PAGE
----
No parent wants their kids to experience racism. But, for biracial children, it’s reality. This can be a particularly touchy subject for white parents who never experienced racism. Perhaps we’d like to think we can protect our children from these experiences, or worse, we just wish it would go away. Whatever your case, and no matter how uncomfortable it makes you feel, the unfortunate reality is that biracial children often experience racism.
What’s even worse than experiencing racism is experiencing it and not knowing what to do about it. So, even if your child hasn’t come home telling stories about kids getting bullied, or has reported that they’ve been a target of racism themselves, it’s a topic you should discuss regularly in your home.
Racism Is on the Rise
While racism isn’t what it used to be during the Civil Rights movement, there have been upticks in the number of racially motivated crimes and incidents across the country, especially in schools. Regardless of your political beliefs, the election has had an influence on bias incidents, reports the Southern Poverty Law Center (SPLC). What’s especially important to note here is that the most common place of these bias incidents was in the K-12 setting. For parents, this is certainly concerning, as our children spend a significant portion of their day at school.
What Can You Do?
There are many things you can do to prepare your child to face these incidents, or to help the if they’ve already experienced or participated in a form of racial bullying. Here are some steps you should take:
1. Talk about race
If you haven’t spoken with your child about race yet, it’s time. Usually you can let these conversations come up naturally as your child grows, but if your child is already in school and you haven’t broached the subject yet, it’s an important conversation to have. First, talk about different skin colors, and how there is a beautiful variety of colors of skin and types of people around the world.
Then, you can explain that some people think that they’re better than others because of the color of their skin. Without making anyone into a monster, it’s important that your child understand that this is wrong, racism is wrong. At the same time, don’t try to erase race. Tell your child an age appropriate account of racism in history to explain how it has affected many people, and some people want to continue to exercise power over others because of their race. Also, make it clear that it’s not your child’s fault if someone acts racist towards them.
Depending on the age of your child, you may want to discuss their feelings about race and their background. Allow your child to express themselves.
2. Make a plan and practice
Your child should feel confident enough to defend themselves at school. One helpful exercise is to practice saying “no!” or “stop!” You can play that you’re another child and you get too close to your child. Your child can practice saying a strong “no!” with their voice and body language. It doesn’t mean you have to say hateful things to your child, just explain that if it happens, they can say “no.” Also teach your child that they can advocate for others in this way also.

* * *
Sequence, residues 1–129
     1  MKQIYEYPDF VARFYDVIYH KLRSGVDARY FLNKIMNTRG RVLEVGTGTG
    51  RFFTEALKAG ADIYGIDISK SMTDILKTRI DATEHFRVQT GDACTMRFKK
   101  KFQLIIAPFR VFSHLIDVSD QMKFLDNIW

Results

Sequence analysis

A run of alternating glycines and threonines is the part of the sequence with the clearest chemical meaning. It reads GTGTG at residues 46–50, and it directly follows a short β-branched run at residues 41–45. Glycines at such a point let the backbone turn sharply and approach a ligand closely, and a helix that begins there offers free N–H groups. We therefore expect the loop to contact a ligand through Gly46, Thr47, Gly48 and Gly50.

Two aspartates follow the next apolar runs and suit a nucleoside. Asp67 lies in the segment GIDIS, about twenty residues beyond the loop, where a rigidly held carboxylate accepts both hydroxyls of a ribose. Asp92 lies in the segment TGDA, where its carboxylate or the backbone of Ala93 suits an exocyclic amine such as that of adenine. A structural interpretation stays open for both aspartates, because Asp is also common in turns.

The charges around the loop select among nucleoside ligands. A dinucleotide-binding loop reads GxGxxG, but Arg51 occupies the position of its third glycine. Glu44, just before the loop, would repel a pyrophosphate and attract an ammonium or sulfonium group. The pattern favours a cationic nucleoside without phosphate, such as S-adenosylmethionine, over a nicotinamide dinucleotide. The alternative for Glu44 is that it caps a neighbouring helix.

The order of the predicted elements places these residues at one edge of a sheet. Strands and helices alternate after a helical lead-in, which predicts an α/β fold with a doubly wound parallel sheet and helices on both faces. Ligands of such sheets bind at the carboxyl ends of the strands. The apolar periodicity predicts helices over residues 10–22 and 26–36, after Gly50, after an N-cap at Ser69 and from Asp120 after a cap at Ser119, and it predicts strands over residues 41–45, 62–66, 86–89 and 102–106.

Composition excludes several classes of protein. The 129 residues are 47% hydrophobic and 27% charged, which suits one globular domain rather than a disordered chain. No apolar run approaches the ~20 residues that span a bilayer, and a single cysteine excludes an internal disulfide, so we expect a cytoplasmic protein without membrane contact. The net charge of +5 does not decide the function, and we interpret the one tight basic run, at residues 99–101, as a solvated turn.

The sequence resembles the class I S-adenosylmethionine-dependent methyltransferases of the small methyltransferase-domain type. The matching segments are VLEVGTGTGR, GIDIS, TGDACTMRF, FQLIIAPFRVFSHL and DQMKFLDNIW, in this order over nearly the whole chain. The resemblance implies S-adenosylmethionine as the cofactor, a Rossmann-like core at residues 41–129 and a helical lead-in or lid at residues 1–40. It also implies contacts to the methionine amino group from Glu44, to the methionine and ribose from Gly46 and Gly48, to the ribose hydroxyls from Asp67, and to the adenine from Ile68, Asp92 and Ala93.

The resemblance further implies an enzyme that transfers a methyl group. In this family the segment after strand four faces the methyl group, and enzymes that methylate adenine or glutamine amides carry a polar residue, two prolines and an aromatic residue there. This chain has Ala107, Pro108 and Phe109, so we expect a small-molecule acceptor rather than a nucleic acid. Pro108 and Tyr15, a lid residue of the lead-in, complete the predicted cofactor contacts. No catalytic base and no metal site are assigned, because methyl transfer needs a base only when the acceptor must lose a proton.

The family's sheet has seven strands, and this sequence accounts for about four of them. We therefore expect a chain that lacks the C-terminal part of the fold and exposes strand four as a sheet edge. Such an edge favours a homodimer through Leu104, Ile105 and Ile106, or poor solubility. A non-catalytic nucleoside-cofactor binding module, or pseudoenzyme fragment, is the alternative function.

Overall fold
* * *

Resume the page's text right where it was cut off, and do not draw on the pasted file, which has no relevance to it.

A good part of the plan should also include telling the teacher, and you, their parent later on.
3. Get involved at school
If you hear about an incident, make sure the school knows you’re aware of it and expect follow-up. If possible, get involved in a program that aims to prevent these types of situations to occur in the first place. As they say, an ounce of prevention is worth a pound of cure. Even before you hear about any incidents happening at your child’s schools, ask about diversity and tolerance programs and how you can get involved. Bullying is known to diminish when there’s greater adult presence, so if you can volunteer your time for recess or other less structured parts of the day, this may help as well.
4. Teach kindness and diversity at home
Finally, make sure that in addition to discussing race at home, you also teach kindness and diversity. Learn about different people from around the globe as a cultural geography project. Try new foods from different countries and watch foreign films. Make a special focus on your family’s own diverse background. Talk about all of your child’s heritage and roots. You may even find yourself creating a family tree together or learning about ancestor’s customs.
Also, try to teach kindness by making it a family project. Give food to the local food bank, or volunteer. If you give your child an allowance, encourage them to donate a portion of it to a charity of their choice. Talk about being inclusive of other people during play and encourage your child to be kind to others.
5. Get help for your Biracial Children
If your child is really struggling with a race related incident or issue at school and things aren’t getting better, seek help. Should there be a problem that the school isn’t addressing, you can contact other authorities including the police and the US Department of Education Office for Civil Rights. In addition, get help for your child in the form of therapy or visits with the school counselor. Seek further resources for yourself as your child’s advocate as well. Remember, your role in this is important as you support your child.
Racism is scary to face as an adult, and even scarier for children. Ignoring it doesn’t make the problem go away. Rather, we must face it head-on along with our children in hopes that one day, racism will be cut out of society all together. Until then, we must teach our children how to respond to it. ~Rachel Peachy
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